6. Most recently, attempting to make written material simply describing any of the above equivalent to 'child pornography'.

Even the most cursory consideration of these changes will reveal that the clear intent of these changes to the law is to outlaw any material which pedophiles – or 'potential' pedophiles – might possibly find arousing. If you follow this route to its logical conclusion you ought to make any photograph or description of a child illegal, and lock all children away from public view lest someone become aroused at the sight of them.

This single-minded witch-hunting of the unseen but ever-threatening pedo-under-the-bed does not make children safer. Indeed, most of the changes have been made to permit the prosecution of individuals who have not harmed children at all. Its purpose is clear – it is thoughtcrime legislation, designed to satisy the baying calls of the gutter press and to keep CEOP and similar agencies in business.

It is now effectively impossible to know if a particular image is illegal or not. There is no safe standard. A picture of a fully-clothed adult may be child porn if they happen to be dressed and posed in a particular way. Offences being now largely based on 'context' mean that until it goes before a jury, you cannot be sure you're safe. People are being sent to jail as pedophiles for 'offences' which, only a few years ago, would have been laughable and which most certainly have not involved any actual children coming to harm.

My proposal is simple. Repeal and amend the various acts as necessary to return the definition of child pornography to that of the 1978 Protection of Children Act, and let the police get on with the business of actually protecting children and catching child abusers.

Modifying laws dealing with “indecent images”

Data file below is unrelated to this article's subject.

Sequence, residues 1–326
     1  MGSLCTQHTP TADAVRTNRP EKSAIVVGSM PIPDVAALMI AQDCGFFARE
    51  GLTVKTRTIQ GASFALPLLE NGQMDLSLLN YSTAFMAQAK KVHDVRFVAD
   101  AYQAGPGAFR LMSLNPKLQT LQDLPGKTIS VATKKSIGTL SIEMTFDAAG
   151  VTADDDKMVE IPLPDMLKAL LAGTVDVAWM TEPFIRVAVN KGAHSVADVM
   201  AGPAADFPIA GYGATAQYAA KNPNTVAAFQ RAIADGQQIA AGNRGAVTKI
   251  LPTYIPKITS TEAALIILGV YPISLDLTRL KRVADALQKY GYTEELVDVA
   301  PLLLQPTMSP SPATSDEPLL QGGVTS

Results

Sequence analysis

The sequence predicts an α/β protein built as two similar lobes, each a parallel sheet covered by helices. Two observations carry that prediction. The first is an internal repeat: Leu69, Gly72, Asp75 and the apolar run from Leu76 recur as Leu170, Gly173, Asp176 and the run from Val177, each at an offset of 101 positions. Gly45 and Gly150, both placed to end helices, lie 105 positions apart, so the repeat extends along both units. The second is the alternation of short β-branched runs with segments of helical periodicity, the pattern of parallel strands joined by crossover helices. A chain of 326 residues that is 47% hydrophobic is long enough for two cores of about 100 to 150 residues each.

In the sexual offences act, "indecent images of children" needs replacing with something more representative of disruption to society. This is likely to be more complex than current laws. The basic problem is that the scope for interpretation of "indecent" is routinely being abused, leading to a form of "legal discrimination". And the public are none the wiser. This is limiting the protection of children by the significant diversion of resources towards cases of dubious value, actively and intentionally contributing to a public misunderstanding of paedophilia as a group, and ruining the lives of many who should be considered moraly innocent. Of course, there are many, many effects in reality, which I'm not going to go into here, but the more you look into it, the more you realise how badly we're… well, getting it wrong.

I'm not talking about people who have obviously accrued large collections of serious child pornography. If you thought I meant that we should be legalising that, with respect, you probably have a lot to learn. All I'm saying is that justice should be proportional to the disruption caused to individuals and society by an offence. Many indecent image convictions are based on actions for which such disruption is practically 0. At the moment the situation is far from adequate, with even "making" (i.e. causing to be displayed on a computer screen) a single "level 1" image portrayed as a "serious" offence, and branding somebody a sexual offender.

Why is this idea important?

In the sexual offences act, "indecent images of children" needs replacing with something more representative of disruption to society. This is likely to be more complex than current laws. The basic problem is that the scope for interpretation of "indecent" is routinely being abused, leading to a form of "legal discrimination". And the public are none the wiser. This is limiting the protection of children by the significant diversion of resources towards cases of dubious value, actively and intentionally contributing to a public misunderstanding of paedophilia as a group, and ruining the lives of many who should be considered moraly innocent. Of course, there are many, many effects in reality, which I'm not going to go into here, but the more you look into it, the more you realise how badly we're… well, getting it wrong.

I'm not talking about people who have obviously accrued large collections of serious child pornography. If you thought I meant that we should be legalising that, with respect, you probably have a lot to learn. All I'm saying is that justice should be proportional to the disruption caused to individuals and society by an offence. Many indecent image convictions are based on actions for which such disruption is practically 0. At the moment the situation is far from adequate, with even "making" (i.e. causing to be displayed on a computer screen) a single "level 1" image portrayed as a "serious" offence, and branding somebody a sexual offender.